Benchcrafted - Benchcrafted- Glide Leg Vise
Bechcrafted's Glide leg vise makes holding workpieces on the bench more solid—there is none of the flex so common in traditional wooden tail vises.
With its tail vise and glide leg vise, Benchcrafted tools has given renewed, and deserved, attention to two old-time bench tools. Though they call it a tail vise, Benchcrafted is really selling a wagon vise, a centuries-old bench helper that is integrated into a slot in the benchtop. Clamping is done with a sliding block (with a hole for a benchdog) that rides in that slot. This vise makes holding workpieces on the bench noticeably more solid—there is none of the flex so common in traditional wooden tail vises. The glide leg vise is a shoulder vise with a deep throat and a powerful grip—better than any other shoulder vise I’ve used. The one quirk is that you need to even out the jaw angle by bending down and setting a pin in the lower assembly to the approximate thickness of the workpiece. It does take some getting used to.
The hardware for both vises is beautifully and robustly made (in the United States). The tail vise can be built up in a left- or right-handed version and can be retrofitted to most benches. The glide leg vise requires that the front edge of the top be flush with the front of the leg for it to work.When installing the hardware, you need to make a few components (vise jaw, parallel guide, and roller guides for the glide vise, and the benchdog block on the tail vise). Benchcrafted provides thorough instructions, full-size templates, and helpful videos—all on their website. No print instructions come with the hardware.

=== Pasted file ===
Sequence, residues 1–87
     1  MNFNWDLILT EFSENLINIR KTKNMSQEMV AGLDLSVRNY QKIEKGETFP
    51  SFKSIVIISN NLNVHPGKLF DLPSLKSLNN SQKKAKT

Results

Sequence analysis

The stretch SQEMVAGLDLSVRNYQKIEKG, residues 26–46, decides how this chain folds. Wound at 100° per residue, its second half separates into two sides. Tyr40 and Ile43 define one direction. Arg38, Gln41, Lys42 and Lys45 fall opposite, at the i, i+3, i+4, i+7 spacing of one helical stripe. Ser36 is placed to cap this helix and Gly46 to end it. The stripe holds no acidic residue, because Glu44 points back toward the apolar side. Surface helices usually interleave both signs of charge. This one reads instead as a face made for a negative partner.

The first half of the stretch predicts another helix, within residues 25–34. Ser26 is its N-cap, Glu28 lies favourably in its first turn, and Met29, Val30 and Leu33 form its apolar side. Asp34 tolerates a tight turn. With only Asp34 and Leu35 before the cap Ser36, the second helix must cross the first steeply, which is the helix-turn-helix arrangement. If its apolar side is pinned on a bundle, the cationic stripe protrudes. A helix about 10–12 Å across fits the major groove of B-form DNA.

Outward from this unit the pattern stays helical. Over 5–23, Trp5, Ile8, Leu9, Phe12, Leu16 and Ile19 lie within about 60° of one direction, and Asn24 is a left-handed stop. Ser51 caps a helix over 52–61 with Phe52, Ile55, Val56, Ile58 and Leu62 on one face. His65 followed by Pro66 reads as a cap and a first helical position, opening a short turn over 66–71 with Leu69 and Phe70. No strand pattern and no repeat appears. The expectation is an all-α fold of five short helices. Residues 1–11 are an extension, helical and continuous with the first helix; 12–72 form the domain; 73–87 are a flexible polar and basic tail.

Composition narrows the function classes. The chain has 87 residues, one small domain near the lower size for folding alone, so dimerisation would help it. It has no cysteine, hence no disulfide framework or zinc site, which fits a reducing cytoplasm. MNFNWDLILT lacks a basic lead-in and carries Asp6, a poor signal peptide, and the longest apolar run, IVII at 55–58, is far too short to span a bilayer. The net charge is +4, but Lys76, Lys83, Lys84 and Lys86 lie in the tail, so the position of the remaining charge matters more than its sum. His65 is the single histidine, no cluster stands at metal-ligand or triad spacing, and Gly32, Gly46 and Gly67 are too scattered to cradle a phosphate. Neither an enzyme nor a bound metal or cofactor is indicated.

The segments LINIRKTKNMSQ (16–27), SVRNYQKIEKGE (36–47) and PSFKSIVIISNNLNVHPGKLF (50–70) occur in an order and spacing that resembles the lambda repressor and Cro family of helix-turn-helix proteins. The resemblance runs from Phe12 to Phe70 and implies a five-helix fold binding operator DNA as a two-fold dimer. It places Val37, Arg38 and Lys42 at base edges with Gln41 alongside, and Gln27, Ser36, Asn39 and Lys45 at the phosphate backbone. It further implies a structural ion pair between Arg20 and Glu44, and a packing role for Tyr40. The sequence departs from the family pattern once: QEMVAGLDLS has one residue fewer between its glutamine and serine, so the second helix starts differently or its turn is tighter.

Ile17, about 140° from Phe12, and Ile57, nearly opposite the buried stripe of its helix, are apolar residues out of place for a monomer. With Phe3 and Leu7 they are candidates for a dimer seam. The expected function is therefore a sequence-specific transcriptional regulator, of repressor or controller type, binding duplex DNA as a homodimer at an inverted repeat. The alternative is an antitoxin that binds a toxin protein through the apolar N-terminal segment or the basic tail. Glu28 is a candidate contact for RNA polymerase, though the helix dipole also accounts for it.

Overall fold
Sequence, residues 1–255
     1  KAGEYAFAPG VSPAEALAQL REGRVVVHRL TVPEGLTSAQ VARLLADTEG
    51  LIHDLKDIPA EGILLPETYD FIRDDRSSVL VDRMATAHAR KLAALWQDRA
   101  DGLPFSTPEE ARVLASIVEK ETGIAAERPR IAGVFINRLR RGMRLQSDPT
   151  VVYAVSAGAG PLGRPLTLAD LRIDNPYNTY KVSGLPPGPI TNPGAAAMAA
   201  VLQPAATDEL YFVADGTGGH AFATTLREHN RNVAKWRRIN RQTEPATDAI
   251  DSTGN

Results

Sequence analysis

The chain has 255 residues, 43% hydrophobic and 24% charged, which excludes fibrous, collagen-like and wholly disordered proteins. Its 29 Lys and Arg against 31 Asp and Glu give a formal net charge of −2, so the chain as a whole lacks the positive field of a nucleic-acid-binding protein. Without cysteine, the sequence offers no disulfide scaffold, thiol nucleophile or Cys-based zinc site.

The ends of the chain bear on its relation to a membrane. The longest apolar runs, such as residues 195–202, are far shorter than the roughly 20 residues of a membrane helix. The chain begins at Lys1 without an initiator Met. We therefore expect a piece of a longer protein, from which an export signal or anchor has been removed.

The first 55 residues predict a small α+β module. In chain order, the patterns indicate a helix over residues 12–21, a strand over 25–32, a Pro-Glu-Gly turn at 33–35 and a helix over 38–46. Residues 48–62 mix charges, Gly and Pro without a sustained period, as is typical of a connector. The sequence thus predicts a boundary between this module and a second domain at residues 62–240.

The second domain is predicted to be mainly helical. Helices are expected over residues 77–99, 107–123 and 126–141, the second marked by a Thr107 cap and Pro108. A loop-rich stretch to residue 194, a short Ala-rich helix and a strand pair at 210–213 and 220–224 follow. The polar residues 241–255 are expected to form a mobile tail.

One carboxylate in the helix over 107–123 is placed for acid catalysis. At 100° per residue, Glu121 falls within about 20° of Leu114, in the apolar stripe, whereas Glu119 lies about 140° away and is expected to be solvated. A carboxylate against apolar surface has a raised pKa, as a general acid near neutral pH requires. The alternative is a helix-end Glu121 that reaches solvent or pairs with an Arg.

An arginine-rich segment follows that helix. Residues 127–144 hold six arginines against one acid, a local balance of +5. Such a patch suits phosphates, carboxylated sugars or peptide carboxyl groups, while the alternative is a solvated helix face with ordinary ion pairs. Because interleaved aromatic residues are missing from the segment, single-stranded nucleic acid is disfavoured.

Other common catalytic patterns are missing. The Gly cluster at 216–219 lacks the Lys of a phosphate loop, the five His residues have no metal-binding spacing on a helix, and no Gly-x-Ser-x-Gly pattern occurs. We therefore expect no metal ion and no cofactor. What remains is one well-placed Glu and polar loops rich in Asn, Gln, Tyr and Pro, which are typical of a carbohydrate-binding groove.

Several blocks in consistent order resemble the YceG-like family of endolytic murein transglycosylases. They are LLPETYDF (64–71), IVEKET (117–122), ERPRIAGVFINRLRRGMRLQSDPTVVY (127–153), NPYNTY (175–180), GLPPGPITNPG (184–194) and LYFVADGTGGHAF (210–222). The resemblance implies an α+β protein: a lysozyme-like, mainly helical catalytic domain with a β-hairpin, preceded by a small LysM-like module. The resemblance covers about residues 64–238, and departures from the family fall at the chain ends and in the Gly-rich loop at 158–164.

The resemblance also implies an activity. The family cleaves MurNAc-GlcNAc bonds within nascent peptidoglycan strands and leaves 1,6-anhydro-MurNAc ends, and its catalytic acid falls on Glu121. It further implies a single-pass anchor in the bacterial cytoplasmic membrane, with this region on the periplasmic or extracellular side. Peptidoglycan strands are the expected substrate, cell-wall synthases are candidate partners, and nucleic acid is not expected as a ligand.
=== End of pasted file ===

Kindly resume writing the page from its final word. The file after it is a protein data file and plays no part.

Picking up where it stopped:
The handwheels are quick and easy to use. Although there is no quick release, the almost frictionless spin of the wheels makes them at least as fast as the quickrelease vises I’ve used.The vises built with this hardware not only hold the work better than any other vise I own, but they also are a pleasure to use. I will definitely install these on the next bench I build.